At the 34th District Court on Wayne Road in Romulus, the cash register begins ringing early most weekday mornings as dozens of motorists and lawyers, traffic tickets in hand, line up to play the Downriver court’s version of Let’s Make A Deal.
The government restructured the auto industry; now it needs to restructure immigration. Why is that important for Michigan?
Tonight, as your governor, I want to celebrate Michigan!
Over the past several months, everyone from media personalities to politicians has expounded on a long list of economic problems that have arguably created a one-state depression in Michigan. Most of us have heard the gloomy statistics so many times, we could recite them in our sleep.
In overgrown, trash-lined alleys all over Detroit — even in upscale West Bloomfield Township, and as far away as the Upper Peninsula — a potentially lethal and expensive cat-and-mouse game is playing out every day at a steep cost to residents and businesses.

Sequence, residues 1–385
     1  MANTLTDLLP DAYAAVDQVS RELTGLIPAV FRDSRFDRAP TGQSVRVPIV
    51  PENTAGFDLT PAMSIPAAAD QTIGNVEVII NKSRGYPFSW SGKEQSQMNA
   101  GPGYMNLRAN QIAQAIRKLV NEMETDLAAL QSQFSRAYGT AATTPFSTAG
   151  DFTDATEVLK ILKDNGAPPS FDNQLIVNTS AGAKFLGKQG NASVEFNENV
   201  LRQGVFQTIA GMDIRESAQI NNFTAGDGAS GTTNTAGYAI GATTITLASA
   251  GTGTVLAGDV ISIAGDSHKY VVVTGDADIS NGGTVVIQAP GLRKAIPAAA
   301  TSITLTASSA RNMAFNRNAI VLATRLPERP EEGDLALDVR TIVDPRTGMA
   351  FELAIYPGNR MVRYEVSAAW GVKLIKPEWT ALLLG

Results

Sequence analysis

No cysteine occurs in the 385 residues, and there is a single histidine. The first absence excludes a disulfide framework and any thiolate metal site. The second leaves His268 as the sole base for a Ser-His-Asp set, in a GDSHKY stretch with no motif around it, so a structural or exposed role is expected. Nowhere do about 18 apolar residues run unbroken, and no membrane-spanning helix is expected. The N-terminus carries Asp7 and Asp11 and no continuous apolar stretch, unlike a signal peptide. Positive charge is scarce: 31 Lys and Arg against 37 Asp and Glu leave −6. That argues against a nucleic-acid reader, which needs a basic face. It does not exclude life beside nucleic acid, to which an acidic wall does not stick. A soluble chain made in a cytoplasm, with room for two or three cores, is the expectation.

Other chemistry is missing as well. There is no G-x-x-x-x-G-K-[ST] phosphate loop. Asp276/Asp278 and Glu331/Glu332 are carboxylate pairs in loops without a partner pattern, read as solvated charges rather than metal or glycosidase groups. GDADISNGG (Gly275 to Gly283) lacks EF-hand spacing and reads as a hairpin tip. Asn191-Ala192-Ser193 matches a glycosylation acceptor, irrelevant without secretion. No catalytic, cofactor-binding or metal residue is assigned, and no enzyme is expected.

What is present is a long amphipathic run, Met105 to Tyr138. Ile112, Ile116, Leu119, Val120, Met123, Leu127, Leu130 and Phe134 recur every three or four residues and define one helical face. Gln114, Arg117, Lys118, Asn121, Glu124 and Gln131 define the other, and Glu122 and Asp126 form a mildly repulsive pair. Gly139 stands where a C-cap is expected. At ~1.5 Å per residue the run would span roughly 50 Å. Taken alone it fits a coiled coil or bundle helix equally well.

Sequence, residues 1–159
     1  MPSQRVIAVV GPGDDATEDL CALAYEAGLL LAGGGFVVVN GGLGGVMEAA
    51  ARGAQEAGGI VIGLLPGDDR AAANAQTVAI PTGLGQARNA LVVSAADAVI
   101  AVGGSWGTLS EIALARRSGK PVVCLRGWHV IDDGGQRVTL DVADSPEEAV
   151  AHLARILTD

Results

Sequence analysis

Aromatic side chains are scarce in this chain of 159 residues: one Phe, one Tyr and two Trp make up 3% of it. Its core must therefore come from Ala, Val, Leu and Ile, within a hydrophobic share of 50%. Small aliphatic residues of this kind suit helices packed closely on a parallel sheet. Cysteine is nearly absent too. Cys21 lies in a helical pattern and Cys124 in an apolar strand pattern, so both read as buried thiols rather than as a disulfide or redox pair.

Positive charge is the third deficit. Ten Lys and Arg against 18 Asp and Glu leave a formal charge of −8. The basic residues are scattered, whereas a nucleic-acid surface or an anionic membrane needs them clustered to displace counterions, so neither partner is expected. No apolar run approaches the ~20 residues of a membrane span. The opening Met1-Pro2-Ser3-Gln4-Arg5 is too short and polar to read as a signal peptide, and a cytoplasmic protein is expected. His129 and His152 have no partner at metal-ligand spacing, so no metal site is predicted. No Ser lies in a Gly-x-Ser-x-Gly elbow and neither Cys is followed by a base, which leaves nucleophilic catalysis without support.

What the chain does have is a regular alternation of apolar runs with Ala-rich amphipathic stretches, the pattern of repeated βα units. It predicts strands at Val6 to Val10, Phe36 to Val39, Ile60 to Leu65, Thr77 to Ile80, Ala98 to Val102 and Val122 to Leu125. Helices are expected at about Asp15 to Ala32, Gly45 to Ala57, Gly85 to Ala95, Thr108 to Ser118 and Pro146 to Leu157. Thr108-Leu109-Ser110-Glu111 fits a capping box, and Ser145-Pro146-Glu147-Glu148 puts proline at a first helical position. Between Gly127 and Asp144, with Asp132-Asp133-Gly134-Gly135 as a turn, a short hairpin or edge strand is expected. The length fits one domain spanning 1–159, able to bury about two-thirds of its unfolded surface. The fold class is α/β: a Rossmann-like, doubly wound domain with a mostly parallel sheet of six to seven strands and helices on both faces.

At Environmental Wood Solutions in Lake Orion, owner Larry Mullins is living proof that one man’s trash is another man’s treasure.
Patiently waiting for an economic recovery, northern Michigan’s resorts aren’t just resting on their laurels.
China offers plenty of growth potential for the Big Three, but to gain further traction, the automakers must stay ahead of consumer tastes, expand into rural markets, and hope that government protectionists don’t squeeze them out.
Gone are the lavish vehicle launches at idyllic resorts. Today, the media must wade through the halls of Congress, hold their own with an auto czar, or read the White House tea leaves to gauge the direction of the domestic auto industry.